One other note, when making the final cut, a criteria I considered is when these upsets took place during the favorite’s career. Therefore, a Hall-of-Famer getting upset early or late in his career had an influence on the selection process. This is why someone like Ralph “Young” Gizzy beating Billy Conn twice early in his career or Baltazar Sangchili defeating Panama Al Brown twice late in the former’s career did not have the same impact as a Muhammad Ali or Marco Antonio Barrera losing in their primes.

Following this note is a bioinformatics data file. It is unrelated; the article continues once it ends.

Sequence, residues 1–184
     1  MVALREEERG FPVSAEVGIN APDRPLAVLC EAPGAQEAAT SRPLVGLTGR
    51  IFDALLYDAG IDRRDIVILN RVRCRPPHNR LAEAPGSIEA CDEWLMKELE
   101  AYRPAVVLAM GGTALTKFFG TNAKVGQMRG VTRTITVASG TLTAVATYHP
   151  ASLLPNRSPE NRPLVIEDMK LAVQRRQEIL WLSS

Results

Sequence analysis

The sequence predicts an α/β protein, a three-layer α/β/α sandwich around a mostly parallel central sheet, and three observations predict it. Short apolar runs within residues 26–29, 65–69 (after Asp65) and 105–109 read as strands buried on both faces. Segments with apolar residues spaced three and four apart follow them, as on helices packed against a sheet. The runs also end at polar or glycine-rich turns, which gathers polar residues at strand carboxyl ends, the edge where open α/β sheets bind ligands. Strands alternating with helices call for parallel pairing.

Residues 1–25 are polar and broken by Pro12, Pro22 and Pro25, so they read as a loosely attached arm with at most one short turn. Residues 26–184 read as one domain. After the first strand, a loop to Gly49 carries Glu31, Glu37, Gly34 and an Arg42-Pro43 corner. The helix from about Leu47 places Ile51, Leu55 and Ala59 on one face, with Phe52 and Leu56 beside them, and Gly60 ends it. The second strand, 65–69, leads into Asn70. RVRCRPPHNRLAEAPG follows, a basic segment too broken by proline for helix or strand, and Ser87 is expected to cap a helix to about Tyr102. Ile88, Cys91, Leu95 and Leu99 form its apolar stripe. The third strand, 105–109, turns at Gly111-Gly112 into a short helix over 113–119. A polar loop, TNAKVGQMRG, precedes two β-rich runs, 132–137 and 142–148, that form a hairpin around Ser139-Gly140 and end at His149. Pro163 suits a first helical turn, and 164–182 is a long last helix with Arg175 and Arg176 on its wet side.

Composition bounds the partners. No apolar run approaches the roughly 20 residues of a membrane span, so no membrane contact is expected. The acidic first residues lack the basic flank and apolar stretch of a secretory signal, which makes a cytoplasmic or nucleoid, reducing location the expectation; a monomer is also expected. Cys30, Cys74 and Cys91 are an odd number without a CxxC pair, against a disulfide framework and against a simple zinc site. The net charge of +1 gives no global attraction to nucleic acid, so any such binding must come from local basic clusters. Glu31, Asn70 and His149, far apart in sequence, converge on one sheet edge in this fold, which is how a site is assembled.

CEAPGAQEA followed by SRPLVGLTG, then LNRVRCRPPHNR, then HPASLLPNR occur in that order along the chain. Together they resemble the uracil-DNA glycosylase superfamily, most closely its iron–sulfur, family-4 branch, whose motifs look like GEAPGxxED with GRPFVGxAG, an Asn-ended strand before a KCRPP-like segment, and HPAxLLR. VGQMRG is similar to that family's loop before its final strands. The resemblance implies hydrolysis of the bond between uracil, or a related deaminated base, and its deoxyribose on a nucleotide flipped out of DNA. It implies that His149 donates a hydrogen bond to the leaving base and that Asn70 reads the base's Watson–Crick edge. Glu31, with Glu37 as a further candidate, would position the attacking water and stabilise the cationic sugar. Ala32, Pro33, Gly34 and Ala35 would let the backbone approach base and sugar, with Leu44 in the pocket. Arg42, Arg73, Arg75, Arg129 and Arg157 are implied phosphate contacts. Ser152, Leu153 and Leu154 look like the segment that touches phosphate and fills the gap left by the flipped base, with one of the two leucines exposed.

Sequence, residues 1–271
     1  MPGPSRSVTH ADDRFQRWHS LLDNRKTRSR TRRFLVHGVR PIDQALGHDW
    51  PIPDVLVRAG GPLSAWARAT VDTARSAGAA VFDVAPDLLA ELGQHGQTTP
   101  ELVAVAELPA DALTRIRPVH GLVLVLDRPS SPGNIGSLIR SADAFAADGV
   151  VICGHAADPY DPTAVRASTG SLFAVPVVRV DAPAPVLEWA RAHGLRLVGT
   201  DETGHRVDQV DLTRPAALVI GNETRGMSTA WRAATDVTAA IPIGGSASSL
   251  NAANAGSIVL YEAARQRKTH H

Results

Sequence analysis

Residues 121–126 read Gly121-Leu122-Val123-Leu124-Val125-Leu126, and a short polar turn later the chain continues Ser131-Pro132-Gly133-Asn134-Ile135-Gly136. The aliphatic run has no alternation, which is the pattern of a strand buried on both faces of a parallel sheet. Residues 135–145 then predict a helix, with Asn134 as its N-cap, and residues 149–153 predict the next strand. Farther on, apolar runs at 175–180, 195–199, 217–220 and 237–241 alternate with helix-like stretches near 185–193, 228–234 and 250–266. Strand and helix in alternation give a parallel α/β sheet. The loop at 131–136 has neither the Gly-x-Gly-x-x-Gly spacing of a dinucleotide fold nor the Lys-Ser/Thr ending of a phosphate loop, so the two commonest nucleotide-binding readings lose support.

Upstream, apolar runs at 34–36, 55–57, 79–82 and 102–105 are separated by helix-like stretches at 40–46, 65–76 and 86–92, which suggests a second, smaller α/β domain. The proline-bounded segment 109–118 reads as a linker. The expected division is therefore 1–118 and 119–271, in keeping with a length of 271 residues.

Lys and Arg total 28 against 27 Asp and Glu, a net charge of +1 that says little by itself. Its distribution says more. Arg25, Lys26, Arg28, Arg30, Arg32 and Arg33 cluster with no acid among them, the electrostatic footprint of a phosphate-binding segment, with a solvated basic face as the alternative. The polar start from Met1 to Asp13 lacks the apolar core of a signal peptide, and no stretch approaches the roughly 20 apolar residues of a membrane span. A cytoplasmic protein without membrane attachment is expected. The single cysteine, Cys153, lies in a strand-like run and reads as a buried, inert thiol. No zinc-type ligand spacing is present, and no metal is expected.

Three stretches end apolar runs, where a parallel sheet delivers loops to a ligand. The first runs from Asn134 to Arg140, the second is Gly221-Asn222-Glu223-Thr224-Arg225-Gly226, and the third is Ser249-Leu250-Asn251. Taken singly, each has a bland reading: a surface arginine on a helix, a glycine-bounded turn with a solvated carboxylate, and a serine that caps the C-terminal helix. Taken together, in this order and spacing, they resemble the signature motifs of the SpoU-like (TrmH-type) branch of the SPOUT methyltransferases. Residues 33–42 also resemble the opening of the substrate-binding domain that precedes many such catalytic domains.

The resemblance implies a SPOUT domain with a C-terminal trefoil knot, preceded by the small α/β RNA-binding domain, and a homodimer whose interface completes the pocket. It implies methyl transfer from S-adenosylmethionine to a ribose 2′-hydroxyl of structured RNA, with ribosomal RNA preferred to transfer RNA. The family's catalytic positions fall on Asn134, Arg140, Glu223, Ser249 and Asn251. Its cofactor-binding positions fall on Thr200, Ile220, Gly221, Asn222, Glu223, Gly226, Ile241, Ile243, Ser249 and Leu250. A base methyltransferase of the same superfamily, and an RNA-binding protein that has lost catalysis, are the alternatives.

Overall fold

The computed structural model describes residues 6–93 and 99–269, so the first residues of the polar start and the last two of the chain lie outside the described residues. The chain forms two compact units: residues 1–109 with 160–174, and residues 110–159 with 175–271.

10. John Ruiz vs. Evander Holyfield - I readily grant that it is exceedingly difficult to look good against the clutch-and-grab style of Ruiz; the Bostonian made other heavyweights look similarly inept and ordinary. However, if anyone should expose Ruiz, it was an angle-working combination puncher like Holyfield. Evander also had the advantage of that tactically-adept cranium, which would discourage most huggers and infighters with its ability to find their faces while falling into the clinches. The pair’s struggles against each other ended in a 1-1-1 tie. Ruiz’s win over Holyfield was by a wider margin and many think he should have been given the nod in their first encounter. The only thing that was sure about this series is that neither the fans nor television networks wanted to see a fourth bout. I think the same can be said for the combatants.